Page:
Innovation is a word that gets bandied about a lot in the arts and culture space these days. But what does it actually mean for arts organizations to innovate today?
THE CHANGE CONTINUUM
I think about innovation on a continuum that spans two kinds of change:
- Evolutionary change: where an organization is adaptive, responding to external change; and
- Disruptive change: where the organization itself is the force for creating or accelerating change.
To exist anywhere on this spectrum, an organization must be purposefully active in relation to change—actively adapting to or actively disrupting through change. This spectrum embraces commercial as well as nonprofit organizations, and companies as well as artists.
Today, we tend to find legacy (or “pre-digital”) organizations on the adapting side of the spectrum. Most performing arts organizations (especially those highly steeped in tradition) tend to inhabit this adaptive space, where their main goal is to respond to change.
However, when artists innovate, they are often found on the disruptive side of the continuum. Nimbler than organizations, they’re often less risk-averse, too. Indeed, risk-taking and genre-breaking define the creative ethos of many artists.
“Born digital” organizations (like new digital platforms) are typically on the disruptive end—sometimes embodying the very change to which others must adapt.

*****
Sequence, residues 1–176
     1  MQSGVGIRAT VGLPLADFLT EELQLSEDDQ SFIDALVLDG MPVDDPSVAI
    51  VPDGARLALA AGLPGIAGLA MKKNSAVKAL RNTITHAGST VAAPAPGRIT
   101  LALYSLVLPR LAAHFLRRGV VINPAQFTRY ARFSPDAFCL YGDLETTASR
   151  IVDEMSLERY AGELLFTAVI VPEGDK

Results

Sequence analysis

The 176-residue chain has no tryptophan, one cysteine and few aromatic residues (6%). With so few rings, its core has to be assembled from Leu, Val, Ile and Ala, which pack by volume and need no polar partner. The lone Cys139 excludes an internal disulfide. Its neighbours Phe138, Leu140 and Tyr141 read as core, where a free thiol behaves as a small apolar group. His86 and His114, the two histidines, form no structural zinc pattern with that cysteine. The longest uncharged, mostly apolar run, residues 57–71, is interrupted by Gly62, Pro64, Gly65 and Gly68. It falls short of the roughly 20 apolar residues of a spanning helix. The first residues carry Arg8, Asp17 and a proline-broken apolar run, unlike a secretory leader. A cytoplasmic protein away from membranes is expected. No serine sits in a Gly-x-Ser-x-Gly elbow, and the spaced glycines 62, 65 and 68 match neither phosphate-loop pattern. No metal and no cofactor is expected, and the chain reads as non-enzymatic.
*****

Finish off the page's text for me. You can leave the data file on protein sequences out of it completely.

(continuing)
Until recently, innovation in the cultural sector has largely been single-entity or brand-specific. But as we continue to operate within an increasingly disruptive universe, we must proactively adapt and/or join in the change creation.
I predict that cross-industry collaboration, content aggregation, and digital community will play a growing role in the future of innovation. That is, if the field can find its way to collaborating in the face of the disruption caused by digital behemoths like Facebook and Google. It’s this type of collective innovation that will separate the goats from the sheep—and distinguish those organizations that that will thrive amongst all this disruptive change, and those that won’t survive it.
So, what are the cultural sector’s adaptation imperatives? What kinds of adaptive change will the next digital tools, platforms, and sector-wide initiatives help facilitate and fuel the industry’s long-term health? I think that they must include the following:
- Platforms that optimize content, and drive a better return on it;
- Tools that facilitate discovery of the industry’s content-based and live-event offerings (in what is now a fractionalized, multi-channel universe);
- Adaptable, extensible systems and shared infrastructure that can serve the industry at large;
- Tools that generate and humanize Big Data actionably—allowing artists and organizations to know their audiences better, and therefore address them more strategically;
- Tools that empower artists to enhance their direct-to-audience relationships and followings; and
- Efforts that harness the power of digital community-building at scale.
What will it take to build a discovery and engagement ecosystem that delivers on these imperatives and broadly serves the field? Can we afford not to? What barriers—beyond brand ego—stand in the way? Must we wait until the next generation of arts leadership takes the reins? These are the questions we need to ask and answer together.